Do you argue a lot with your partner and start losing faith in your relationship? Don’t, because new studies show that arguing strengthens the bond between you and your lover.
If you argue, it means you know your lover well enough and are brave to voice your opinions. It shows the understanding between you two.
Psychologists have carried out tests and have concluded that couples which argue, have a stronger relationship than others.
Relationships usually begin with hearts and butterflies.
Everything is fine and dandy. You agree with each other and you compromise. But, as the relationship moves past the “honeymoon stage,” you start to show opinions, differences, and your individual personalities. It is then that you experience a fluctuation in the harmony of the union. A relationship gets tested. If you can have healthy arguments, you can truly learn from one another.
Arguing is a major form of communication.
It shows individualism, different perspectives and the ability to teach each other. Arguments aren’t necessarily an indicator that there are problems in a relationship. Psychiatrist explains that arguing well requires skills that take time to build. Here are five of his suggestions:
* Don’t insist on being right
* Speak up as soon as you feel anger rising
* Stick to the topic at hand
* Don’t say something you will regret
Why Couple Who Argue Love Each Other More
#1 – Arguing means each person is comfortable.
When couples nervously step around each other’s toes, it’s not a sign of love. It’s a sign of fear. It’s a sign that nobody wants to rock the boat because they’re afraid the other person is going to change their mind about the relationship.
The opening shots of a couple’s first real argument are a sign that each person knows they can voice their view without the relationship coming to a dramatic end.
Yeah, things might get ugly and heated. But by that point, the couple knows how much they love each other and aren’t going to let a few choice words ruin things.
#2 – Good arguing is a sign that a couple actually wants to solve issues.
According to Dr. John Gottman, there are many types of couples.
There are the conflict avoiders and the validating couples, who try (and fail) to maintain absolute neutrality.
But then there are the volatile and hostile couples.
Their arguments are intensely emotional – but for good reason. Each person is aware that things aren’t exactly where they’d like them to be. But they’re not ready to throw in the towel. No, they love their partner too much for that.
Rather, they’ll push for changes – even if it means huge, emotionally draining arguments.
#3 – Couples who argue tend to be more passionate.
Psychologists refer to this phenomenon as ‘arousal transfer.’ Simply put, when a person is excited by one stimulus, they are much more easily excited by another.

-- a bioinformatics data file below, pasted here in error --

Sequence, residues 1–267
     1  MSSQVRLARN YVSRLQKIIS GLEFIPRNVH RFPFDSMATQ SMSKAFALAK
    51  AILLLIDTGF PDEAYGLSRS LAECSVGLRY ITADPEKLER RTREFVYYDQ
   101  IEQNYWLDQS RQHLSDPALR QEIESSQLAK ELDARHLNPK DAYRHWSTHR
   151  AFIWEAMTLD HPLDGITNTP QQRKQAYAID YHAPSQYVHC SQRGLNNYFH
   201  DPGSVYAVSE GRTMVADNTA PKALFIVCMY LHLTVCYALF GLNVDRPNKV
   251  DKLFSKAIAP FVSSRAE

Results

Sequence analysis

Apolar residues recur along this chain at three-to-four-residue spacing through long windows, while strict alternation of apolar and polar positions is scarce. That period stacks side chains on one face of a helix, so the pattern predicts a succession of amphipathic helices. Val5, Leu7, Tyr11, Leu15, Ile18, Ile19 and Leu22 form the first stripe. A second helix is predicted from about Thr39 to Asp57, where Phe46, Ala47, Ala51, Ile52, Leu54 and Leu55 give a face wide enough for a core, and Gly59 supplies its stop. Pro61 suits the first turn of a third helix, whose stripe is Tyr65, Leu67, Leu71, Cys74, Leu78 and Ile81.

What’s that look like in layman’s terms? Well, in a relationship filled with deep, arousing passion (one stimulus), it can only be expected that little annoyances (the other stimulus) will produce an equally intense response.
On the other end of that intense negative response lies even more intense passion.
Arousal transfer. It’s a wonderful thing.
#4 – Couples who argue learn more about each other.
In the absence of conflict, people tend to become ‘flat characters.’ They have no three-dimensionality, no real personality.
But then a fight rolls along and each person in a relationship realizes that hey, there’s some real depth to this person who sleeps beside me. They have flaws that become apparent in the face of conflict.
And, as with any convincing television character, those flaws – as long as they don’t involve hiding a crystal meth empire or anything – are like magnets. They increase attraction on a deep level.
#5 – Arguing, just like love, is visceral.
Yeah, there’s probably a bit of intelligence behind it. But it’s mostly intense emotion.
Couples who never argue likely haven’t reached that stage of deep, visceral love. They’re drawn in by good conversation and practical things like appearance.
But as the love grows, so does the emotion. Things become less logical and more intuitive.
Arguing is a sign that a couple has entered a very raw, deep place – a place where love and anger can exist simultaneously.
Mutual respect, love, compromise, compassion and trust are important factors of a healthy relationship. Like everything in life, it’s about moderation. You never want to insult or disrespect a loved one. You can state your point in a manner that both parties can hear. When you are authentic in a relationship you can always share what you believe in. It’s all in how you present any discussion.
“The truest form of love is how you behave toward someone, not how you feel about them.” ~ Steve Hall
Source: happylifereport.com, davidwolfe.com